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Is it possible for a person in motion to fall over a ledge?

  1. Jan 7, 2016 #1
    The facts are that the person is 183cm, 82kg, meaning his center of gravity is about at 105cm, he was running towards a railing of a balcony that is 108cm high, and allegedly hit the railing then fell over. Is this physically possible?
     
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  3. Jan 7, 2016 #2

    berkeman

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    Of course. Silly question, IMO.
     
  4. Jan 8, 2016 #3
    yes.
     
  5. Jan 8, 2016 #4

    A.T.

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    You mean "fell over the railing"? Yes, sounds possible. A running human is not a rigid sliding block, and the center of mass moves more than 3cm vertically during running.
     
  6. Jan 8, 2016 #5

    NascentOxygen

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    The upper part of the body would rotate around the railing, moving his CoM towards the wrong side and bringing his feet off the floor in a somersault.
     
  7. Jan 8, 2016 #6
    Thanks for the reply! Is there any proof I could use in an official debate? A law or theory ...?
     
  8. Jan 8, 2016 #7

    A.T.

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    In a court of law you would need some recognized expert on forensic bio-mechanics. But in order to demonstrate that it is possible you just could reproduce the situation (not on the balcony).
     
  9. Jan 8, 2016 #8
    Ok thank you! Is there any way I could do so without physically recreating it? A physics simulation? A bit of a stretch hahaha but I dont know what else.
     
  10. Jan 8, 2016 #9
    If you run, your center of balance is higher so you have time in the air to complete your stride, unless you are jazz-running or something. Since there are so many open variables here, you probably want to switch your question over from, "is it possible" to "is it likely". As the barrier gets higher, it gets less likely to fall over; but certainly it is still possible if the person sort of leaps over.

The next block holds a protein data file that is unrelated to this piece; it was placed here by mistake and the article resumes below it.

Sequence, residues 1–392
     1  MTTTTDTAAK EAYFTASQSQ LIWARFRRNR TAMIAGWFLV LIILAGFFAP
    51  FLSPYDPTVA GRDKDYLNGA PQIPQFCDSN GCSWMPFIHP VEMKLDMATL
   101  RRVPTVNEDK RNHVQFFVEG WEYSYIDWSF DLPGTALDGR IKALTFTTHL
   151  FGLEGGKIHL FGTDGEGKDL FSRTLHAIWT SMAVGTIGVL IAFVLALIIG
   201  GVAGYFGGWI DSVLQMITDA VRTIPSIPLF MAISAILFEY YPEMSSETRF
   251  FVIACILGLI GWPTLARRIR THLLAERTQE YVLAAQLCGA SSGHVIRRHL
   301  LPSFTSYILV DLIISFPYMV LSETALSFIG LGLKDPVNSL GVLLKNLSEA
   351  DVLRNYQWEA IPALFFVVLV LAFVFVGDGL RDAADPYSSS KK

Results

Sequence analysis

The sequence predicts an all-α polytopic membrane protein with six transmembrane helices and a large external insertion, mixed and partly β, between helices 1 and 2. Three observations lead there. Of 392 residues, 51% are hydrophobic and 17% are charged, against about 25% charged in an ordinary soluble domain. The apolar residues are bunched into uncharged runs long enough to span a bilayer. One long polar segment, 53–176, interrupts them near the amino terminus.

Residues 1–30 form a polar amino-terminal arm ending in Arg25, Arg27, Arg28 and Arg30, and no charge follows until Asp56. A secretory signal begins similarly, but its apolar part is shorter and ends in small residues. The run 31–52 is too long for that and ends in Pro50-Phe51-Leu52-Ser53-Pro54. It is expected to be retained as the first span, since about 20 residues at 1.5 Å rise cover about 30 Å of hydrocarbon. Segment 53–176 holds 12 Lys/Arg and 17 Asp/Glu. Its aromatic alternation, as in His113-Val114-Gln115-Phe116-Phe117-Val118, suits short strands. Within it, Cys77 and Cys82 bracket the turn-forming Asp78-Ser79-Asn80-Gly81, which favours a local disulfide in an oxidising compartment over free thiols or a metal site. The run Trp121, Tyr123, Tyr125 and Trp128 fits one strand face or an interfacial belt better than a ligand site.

11. Jan 8, 2016 #10

    A.T.

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    If the question is just: "Is it possible?", then an experiment is much simpler, quicker, more reliable and requires much less expertise than a computer simulation.
     
  12. Jan 9, 2016 #11

    CWatters

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    How did you work out his centre of gravity was at 105cm?
     
  13. Jan 10, 2016 #12
    Well approximately that, because i saw that the center of mass of a male is 58% up his body
     
  14. Jan 10, 2016 #13
    What are the physics behind falling over a railing? As in someone running into a balcony railing and falling up and over?
     
    Last edited by a moderator: Jan 10, 2016
  15. Jan 10, 2016 #14

    berkeman

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    It's best to use experimental techniques to answer questions like that... :wink:
     
  16. Jan 11, 2016 #15

    A.T.

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    You have the simple part: classical mechanics. And the complicated part: Complex human anatomy, with muscle contractions triggered in a way that is unpredictable in such a extreme situation. This basically makes any type of modeling of such an event pure guess work.
     
  17. Jan 11, 2016 #16

    CWatters

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    See post #5 above.

    Strange things happen when flexible objects fall over "railings"..

     
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